Friday, July 05, 2013

Sarkar Raj in Corridors: The importance of being the DoPT secretary

ON JULY 1, an old DoPT hand, Dr Syamal Kumar Sarkar took charge as its secretary. For those who have little knowledge about North Block's geography, here is a piece of information: Sarkar, a 1979 batch West Bengal cadre IAS, is now a wall-mate of newly appointed home secretary Anil Goswami, as home and DoPT secretaries are housed in adjacent rooms. But on a more serious note, DoPT secretary is no less...
important a position than the all-powerful home secretary, at least for government officers and those who wish to join the government.
After all, the DoPT or department of personnel and training, is the nodal ministry to formulate and monitor rules regarding  recruitment, regulation of service conditions, posting, transfers, deputation of personnel etc. If the government is compared with a company, DoPT secretary is government's HR head. In other words, Sarkar is now government's chief human resources officer.
That's not all. For the IAS officers working across the country, Sarkar will now be the big boss. After all, DoPT is the cadre controlling authority for the IAS and three Secretariat Services in the Central Secretariat. More importantly, it also operates the Central Staffing Scheme under which select IAS, IFS, IPS and other Group ‘A’ services officers are placed in posts on deputation at the level of deputy secretary, director and joint secretary, for a particular tenure. Also, the DoPT has some kind of say in appointment to posts of chairman, managing director, full-time functional director etc. of various public sector undertakings or enterprises, corporations, banks and financial institutions.
Also, the Establishment Officer who comes under the DoPT secretary always serves as secretary to the PM-headed Appointments Committee of the Cabinet, which is responsible for all senior-level appointments in the government. The DoPT secretary gets a chance to deal with the PMO and even the PM more often than his counterparts in other departments.
And then, DoPT secretary has a say in certain administrative and policy matters related to important government arms such as Union Public Service Commission (UPSC), Central Vigilance Commission (CVC), Central Bureau of Investigation (CBI), Central Information Commission (CIC) and Central Administrative Tribunal (CAT).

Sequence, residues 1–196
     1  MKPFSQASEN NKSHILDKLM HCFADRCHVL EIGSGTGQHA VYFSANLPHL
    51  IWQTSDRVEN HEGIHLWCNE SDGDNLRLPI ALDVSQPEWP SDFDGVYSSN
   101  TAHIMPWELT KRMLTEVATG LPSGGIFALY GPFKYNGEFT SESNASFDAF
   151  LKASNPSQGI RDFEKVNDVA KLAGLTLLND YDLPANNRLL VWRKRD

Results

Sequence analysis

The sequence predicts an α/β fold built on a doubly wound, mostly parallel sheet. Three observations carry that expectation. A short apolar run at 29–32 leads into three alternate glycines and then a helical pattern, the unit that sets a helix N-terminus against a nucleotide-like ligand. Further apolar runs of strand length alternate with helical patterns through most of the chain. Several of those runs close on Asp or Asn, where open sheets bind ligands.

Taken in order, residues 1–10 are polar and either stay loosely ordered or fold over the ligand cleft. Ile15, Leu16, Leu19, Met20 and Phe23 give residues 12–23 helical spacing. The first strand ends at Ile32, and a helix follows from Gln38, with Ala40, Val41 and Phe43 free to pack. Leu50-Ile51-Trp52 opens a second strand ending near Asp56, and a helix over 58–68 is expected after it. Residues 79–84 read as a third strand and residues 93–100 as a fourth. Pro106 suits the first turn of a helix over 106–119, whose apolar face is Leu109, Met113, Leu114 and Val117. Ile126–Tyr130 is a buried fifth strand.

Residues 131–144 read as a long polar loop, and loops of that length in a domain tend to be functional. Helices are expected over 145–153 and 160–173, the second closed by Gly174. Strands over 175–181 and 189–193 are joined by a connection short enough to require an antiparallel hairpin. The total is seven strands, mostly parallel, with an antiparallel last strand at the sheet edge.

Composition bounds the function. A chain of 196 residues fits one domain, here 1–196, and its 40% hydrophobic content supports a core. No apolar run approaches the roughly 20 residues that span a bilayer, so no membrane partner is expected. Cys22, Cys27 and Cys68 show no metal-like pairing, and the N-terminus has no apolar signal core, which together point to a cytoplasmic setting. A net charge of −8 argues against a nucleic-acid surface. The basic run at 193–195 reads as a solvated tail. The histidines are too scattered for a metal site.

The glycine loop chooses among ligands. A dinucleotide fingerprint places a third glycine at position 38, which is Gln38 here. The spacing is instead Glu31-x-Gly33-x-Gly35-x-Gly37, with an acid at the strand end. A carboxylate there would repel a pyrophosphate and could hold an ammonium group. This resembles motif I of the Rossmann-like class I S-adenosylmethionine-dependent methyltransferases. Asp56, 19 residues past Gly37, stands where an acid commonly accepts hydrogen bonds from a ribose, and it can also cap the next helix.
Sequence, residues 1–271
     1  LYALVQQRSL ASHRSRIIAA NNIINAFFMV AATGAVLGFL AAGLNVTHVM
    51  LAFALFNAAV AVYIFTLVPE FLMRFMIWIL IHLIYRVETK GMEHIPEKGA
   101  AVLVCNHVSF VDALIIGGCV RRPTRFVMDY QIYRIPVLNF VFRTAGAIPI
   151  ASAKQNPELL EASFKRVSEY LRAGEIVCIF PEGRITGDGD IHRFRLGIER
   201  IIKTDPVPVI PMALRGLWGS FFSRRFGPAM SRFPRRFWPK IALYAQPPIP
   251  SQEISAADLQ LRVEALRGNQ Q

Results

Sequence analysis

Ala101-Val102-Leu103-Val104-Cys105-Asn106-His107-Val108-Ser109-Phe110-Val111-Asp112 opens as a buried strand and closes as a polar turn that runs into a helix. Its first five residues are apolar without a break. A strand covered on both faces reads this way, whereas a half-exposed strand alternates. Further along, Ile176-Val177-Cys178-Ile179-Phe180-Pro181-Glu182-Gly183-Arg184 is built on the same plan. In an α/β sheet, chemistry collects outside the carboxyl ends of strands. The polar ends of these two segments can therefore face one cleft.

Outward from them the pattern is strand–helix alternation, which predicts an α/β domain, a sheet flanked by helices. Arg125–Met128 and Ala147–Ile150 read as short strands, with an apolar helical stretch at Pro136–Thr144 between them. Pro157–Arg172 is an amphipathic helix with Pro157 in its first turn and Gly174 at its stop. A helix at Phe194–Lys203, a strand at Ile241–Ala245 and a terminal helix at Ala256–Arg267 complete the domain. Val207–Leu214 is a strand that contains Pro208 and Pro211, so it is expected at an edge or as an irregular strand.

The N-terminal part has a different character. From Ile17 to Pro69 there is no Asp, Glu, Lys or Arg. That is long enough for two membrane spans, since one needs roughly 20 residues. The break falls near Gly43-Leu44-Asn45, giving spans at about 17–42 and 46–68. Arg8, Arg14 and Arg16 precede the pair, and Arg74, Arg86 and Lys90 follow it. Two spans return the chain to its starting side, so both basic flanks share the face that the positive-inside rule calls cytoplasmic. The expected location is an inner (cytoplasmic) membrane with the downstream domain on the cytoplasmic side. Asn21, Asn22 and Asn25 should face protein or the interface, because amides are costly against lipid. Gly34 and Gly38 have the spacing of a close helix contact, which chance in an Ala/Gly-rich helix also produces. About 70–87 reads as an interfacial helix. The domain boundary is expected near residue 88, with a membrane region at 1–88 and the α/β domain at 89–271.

Sarkar is a post-graduate in physics and economics, and has a PhD degree in economics. In West Bengal, he was SDM of Asansol and District Magistrate of Murshidabad. Later, he was a director in department of economic affairs on deputation before proceeding as a consultant in Manila-based Asian Development Bank in 1998. Later in 2003, he became a consultant to the World Bank. And for a number of years, he was out of regular government assignments to work as a fellow in New Delhi-based Energy and Resources Institute, popularly called Teri, which in turn made him an expert in environment, water and energy. Before joining DoPT as a secretary, Sarkar was the Union water resources secretary.
But Sarkar has a good grip over DoPT matters. After all, he served in DoPT for nearly five and half years between 2007 and 2013, first as joint secretary, then additional secretary and finally as a special secretary before he was appointed as Union water resources secretary in February this year.
Finally, here are the names of some of the published papers written by Sarkar, a demonstration of his interests and inclination towards energy, infrastructure and regulatory matters. 
a) Framework for Regulation: The Indian Experience (on energy, co-authored, 1999).
b) Framework for infrastructure regulation (co-authored, 2000).
c) Reforms in the infrastructure sector-next step (co-edited, 2002).
d) Institutional Approach to Regulation and Competition in South Asian Infrastructure Sectors (On atomic energy, co-authored, 2004).
e) South Asian Approach to Competition and Regulation (2006).
f) Understanding PPP in Infrastructure Services (2008).
g) Deepening Independent Regulation in Infrastructure Sectors (2009).
h) Competition Policy and Law: An Energy Sector viewpoint (2009).

1 comment:

  1. A wow story today. But SK Sarkar is a very decent person. He is unlikely to be authoritarian and enforce his powers. He is more a scholar than a typical bureaucrat